By Ed Huyck
By Melissa Wray
By Patrick Strait
By Jonathan McJunkin
By B Fresh Photography
By Ryan Siverson
By Kendra Sundvall
By Ed Huyck
IN THE HEART of every citizen there is a drag queen just yammering to get out and do a big ol' false-eyelash-batting, hair tossing, lip-synching show-stopper. We have always known this about boys, both homo and hetero, but what about regulation-issue-vagina-toting straight gals? What does it look like when women are in women's drag? Precisely the same as always, according to Camille Collins, drag-queen den mother of the Foxy Tan Revue, the (almost) all-girl, all drag, lyrical lounge extravaganza that's found a home at the Gay 90's on Tuesday nights. Collins, one of the top drag performers in the Midwest, has no problem with women lip-synching in a gay bar. "It's theatre," he says, with martini-dry phrasing. "It's all drag."
The revue is the brainchild and vehicle of Heather Wilson, who, as Foxy Tan, a powerful 1-2 combination of Pam Grier and Bette Midler, emerges weekly from a giant (bearded) clam while shaking the audience into screaming submission. She's not afraid to take on the big icons, shamelessly blasting off with Etta James's "Come to Mama."
Foxy's cast and crew are all alumnae from the movie Homo Heights, with onstage patter written by Heights director Sarah Moore. And like the movie, the budget for the revue is practically nonexistent. "This is dirt-cheap theatre, baby," says Wilson. Dirt cheap or not, there is considerable backstage pride when Wilson talks about their "audacity and blatant self-promotion," having earned the members of the production "actual parking and cocktail money."
The audacity that Wilson is talking about, however, is not the kind you get in a typical drag show. There is none of the mixture of adoration and mockery you hear humming just below the disco thump and show-tune trumpets of your average male-to-female revue. According to Susan Sontag, "camp" is funny precisely because it contains elements of tragedy and anger; when the girls of the 90's act like, well, "girls," the Sontag-ian empathy-equation between performer and audience would seem to twist and chafe like an errant girdle.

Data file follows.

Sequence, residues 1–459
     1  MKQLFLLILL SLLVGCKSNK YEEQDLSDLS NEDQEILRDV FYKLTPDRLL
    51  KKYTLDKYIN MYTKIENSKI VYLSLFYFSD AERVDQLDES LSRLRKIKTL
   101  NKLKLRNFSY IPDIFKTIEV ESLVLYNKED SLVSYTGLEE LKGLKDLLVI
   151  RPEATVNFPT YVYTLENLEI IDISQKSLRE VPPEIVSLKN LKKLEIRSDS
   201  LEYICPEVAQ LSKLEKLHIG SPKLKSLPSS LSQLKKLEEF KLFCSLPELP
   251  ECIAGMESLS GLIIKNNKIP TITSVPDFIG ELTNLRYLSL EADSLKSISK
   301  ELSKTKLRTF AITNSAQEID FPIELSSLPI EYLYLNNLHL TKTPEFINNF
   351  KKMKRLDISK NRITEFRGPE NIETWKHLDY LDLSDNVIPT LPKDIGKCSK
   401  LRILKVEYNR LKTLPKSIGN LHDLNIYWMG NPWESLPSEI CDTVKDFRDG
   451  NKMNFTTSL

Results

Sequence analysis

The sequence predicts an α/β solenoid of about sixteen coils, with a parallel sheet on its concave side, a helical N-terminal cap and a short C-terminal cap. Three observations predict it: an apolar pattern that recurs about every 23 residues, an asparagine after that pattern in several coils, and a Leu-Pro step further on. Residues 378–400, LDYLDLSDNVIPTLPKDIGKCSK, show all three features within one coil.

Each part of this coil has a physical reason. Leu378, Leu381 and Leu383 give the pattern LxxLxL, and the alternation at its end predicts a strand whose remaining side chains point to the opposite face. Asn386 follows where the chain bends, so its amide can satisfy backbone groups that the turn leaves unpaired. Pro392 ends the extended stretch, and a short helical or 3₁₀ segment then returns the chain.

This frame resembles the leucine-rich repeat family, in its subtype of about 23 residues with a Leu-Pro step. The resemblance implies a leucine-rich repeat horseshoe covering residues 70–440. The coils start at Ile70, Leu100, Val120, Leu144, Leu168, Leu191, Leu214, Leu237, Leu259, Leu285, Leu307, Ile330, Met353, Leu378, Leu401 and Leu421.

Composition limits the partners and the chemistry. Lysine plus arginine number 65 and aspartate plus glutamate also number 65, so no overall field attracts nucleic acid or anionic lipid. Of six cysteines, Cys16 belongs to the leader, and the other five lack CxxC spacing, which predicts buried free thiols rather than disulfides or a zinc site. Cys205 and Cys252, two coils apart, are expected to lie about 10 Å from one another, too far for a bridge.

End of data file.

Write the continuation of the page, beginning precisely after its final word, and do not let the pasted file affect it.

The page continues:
Yet the gay, mostly male audience responds with the usual elation. There's not a trace of hostility, even when a performer publicly snuggles with her boyfriend during a break. Except for the ironic overlay, it's an entirely sunny show. Only Philip Park, the cast's single male member (so to speak), taps into camp's traditional dark side, with his hag-drag rendition of a drunken, mascara-smeared floozy doing a staggering torch number while falling over chairs and tables.
The adoration of unloved, rejected, and dramatically self-destructive divas has always been drag's most interesting phenomenon. If Zola was, in some sense, Madame Bovary, some drag queens are Judy Garland, reveling in their own tragic status. On the flip side there's a splendid, if somewhat nasty, arrogance to some drag numbers--something that almost hisses an implicit message to any females in the audience: "I'm more woman then you'll ever be, honey."
Still, there is a sensibility to this kind of clowning around that transcends issues of sexuality and remains firmly rooted in a sort of gender-neutral love of excess and joyfully bad taste. Moore, a former circus clown herself, is tapping right into the best part of drag in her script, especially in the "Ask Foxy"section. "Dear Foxy: Is it true that in 1978, while on tour with JoAnn Whorley, your triple-stack, double-lacquered Hawaiian bouffant hairpiece sucked up a violinist from the pit and swallowed him whole? Please 'fess up if it's true. Hair is getting frightening." The message here: You don't have to be of any particular sexual orientation to appreciate a well crafted big-hair slam.
But even in full-throttle satire, dressed up in pastel wigs doing a vacuum cleaner humping dance, something disturbingly genuine peeks through the artifice; these dancers have biologically female bodies disguised by boas and spotlights as even more female bodies. It's a different construction from that of watching men in women's clothes, but no less electrically sexual. Picture, for example, an intelligent grown woman doing Peggy Lee's "Fever" in a nurse's costume. When men camp, they are playing a public game of secret dress-up, like the one they might have played as small children--children whose heinies were forfeit if a parent threw open the bedroom door at the wrong moment. But some little girls are actually given nurse's outfits for their birthdays.
It's only when you're a big girl that you find out why the idea of "dressing up like a lady" is so attractive: There's nothing more compelling than absurdity. You can dress up in high heels and flowery aprons all you want, but it may be that "womanhood" is still best expressed by Heather Wilson, doing Eartha Kitt's "Daddy," dressed up in a big pink bunny suit, ears perked and nose atwitch.
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